While it’s easy to choose your go-to drink in coffee shops, it’s a whole different ball game when you need to prepare a cup for yourself. There’s quite a few things to consider, from which coffee beans to buy up to what coffee machines to use.

In this post, we will start with helping you choose coffee beans. If you always end up staring at a variety of beans, not knowing where to start, we’ve got you covered.

We understand how overwhelming it can be to sort through tons of choices. That’s why we have compiled some factors you can consider next time you go for coffee beans shopping.

The Difference Between Arabica and Robusta

There are several families of coffee plants all over the world but the 2 main ones are Arabica and Robusta. Arabica usually grows in high altitude and produces a delicate cup. On the other hand, Robusta grows in low altitude and produces more caffeine than Arabica and thicker crema. Most coffee companies choose Robusta in their blends as it gives the coffee a thicker crema. This, however, does not compromise the complexity of the coffee; on the contrary, it might even enhance the quality of the cup.

Single Origin vs. Blended

Single origin coffee, as the name suggests, came from a single location, geography-wise. It doesn’t only refer to the country or region the coffee came from, though; it could also go into a more explicit level, such as the specific farm or varying climates and micro-conditions the coffee was grown in. This is one of the clearest distinctions in the single origin vs blended coffee dichotomy: traceability. Because single origin coffee is easier to trace, farmers are urged to showcase their hard work through a remarkable coffee experience for the consumers, thus encouraging quality and excellence.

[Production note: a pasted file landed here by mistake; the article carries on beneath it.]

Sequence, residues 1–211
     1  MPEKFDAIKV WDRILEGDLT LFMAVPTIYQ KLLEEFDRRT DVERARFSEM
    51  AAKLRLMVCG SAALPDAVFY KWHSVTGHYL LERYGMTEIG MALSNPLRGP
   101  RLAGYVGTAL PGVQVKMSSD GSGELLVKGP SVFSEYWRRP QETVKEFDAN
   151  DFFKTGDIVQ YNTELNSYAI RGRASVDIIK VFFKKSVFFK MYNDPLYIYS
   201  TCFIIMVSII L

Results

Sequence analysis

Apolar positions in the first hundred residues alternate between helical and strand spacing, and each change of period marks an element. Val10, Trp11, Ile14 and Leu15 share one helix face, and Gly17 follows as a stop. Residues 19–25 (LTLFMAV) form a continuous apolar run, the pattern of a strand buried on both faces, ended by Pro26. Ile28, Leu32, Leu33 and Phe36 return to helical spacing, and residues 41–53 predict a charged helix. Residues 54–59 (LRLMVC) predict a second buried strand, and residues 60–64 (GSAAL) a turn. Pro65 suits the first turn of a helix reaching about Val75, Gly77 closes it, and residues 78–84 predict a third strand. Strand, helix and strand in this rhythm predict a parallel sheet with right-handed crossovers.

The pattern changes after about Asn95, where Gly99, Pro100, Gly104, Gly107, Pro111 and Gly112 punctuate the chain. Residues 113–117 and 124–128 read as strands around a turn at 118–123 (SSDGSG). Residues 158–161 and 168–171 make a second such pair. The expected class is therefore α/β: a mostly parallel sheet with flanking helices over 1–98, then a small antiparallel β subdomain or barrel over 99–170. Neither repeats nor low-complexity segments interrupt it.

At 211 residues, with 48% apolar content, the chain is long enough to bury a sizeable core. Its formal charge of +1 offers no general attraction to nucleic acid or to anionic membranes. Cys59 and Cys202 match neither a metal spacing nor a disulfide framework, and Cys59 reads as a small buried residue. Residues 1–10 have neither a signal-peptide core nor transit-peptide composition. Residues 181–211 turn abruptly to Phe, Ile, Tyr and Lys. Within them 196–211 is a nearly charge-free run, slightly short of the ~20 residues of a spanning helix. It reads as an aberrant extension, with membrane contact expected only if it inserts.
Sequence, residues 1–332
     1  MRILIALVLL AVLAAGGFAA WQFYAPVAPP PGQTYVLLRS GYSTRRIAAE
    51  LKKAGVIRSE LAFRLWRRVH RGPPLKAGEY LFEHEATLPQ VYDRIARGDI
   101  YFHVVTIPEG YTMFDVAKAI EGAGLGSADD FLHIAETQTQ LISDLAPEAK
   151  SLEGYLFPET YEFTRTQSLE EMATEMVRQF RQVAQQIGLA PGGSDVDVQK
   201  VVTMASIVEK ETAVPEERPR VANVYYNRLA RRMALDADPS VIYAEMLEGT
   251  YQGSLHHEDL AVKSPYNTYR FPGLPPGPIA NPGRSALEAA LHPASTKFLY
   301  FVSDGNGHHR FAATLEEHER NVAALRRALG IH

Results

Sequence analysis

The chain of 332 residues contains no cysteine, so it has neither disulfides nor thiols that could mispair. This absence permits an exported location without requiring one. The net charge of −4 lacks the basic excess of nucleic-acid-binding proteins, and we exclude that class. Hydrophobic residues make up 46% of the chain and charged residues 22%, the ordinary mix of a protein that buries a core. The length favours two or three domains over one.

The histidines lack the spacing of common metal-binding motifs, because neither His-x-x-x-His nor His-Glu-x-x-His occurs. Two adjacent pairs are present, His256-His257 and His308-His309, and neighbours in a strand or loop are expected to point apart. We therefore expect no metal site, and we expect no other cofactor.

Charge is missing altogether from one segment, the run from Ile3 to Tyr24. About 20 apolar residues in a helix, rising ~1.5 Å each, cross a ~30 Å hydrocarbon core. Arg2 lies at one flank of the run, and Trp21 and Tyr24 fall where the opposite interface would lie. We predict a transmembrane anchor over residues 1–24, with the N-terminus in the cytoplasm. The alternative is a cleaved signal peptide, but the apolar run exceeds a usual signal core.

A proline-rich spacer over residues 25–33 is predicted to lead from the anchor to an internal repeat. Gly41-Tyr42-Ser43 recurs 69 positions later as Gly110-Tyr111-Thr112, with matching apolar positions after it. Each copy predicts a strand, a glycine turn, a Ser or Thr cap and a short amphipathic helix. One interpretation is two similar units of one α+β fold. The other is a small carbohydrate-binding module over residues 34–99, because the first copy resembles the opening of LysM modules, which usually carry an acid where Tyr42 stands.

Nevertheless, this does not make blended coffee any inferior. Roasters likewise put extra hard work in creating coffee blends that complement each flavor profile perfectly. Tinkering with amounts and variations of a limitless array of coffee flavors requires more than just patience; it also requires science to get the perfect blend that the roaster wants to achieve.

Roasting Process

The roasting process may be the most underappreciated step in coffee making. Many are more focused on how their drink was brewed. What they fail to realize is that the type of beans they use, where they came from, and how they were brewed don’t mean a thing if they’ve been roasted wrong.

In Italy, coffee has always been a cultural mainstay since this country is the first importer of green coffee around the world. They are known for roasting coffee and brewing espresso. Unlike the roast coffee from France, roast coffee from Italy has zero to little oil on the beans and has a rich brown hue to it. The time it takes to roast the coffee depends on the blend and the temperature of roasting. This is because Arabica beans take less time to be roasted as compared to Robusta beans. Once roasted, they will air cool the beans, allowing the beans to hold their flavor until they are set for brewing.

Italian coffee is known for its complex and rich flavor. Here, coffee is usually served with one glass of water. The water is used to help cleanse the palate before one drinks the coffee.

If you are looking for high quality Italian coffee in Singapore, 101CAFFE is your best choice. We offer a wide selection of products including coffee beans, coffee capsules, and coffee machines. Check out our online shop for a wide selection of coffee brands.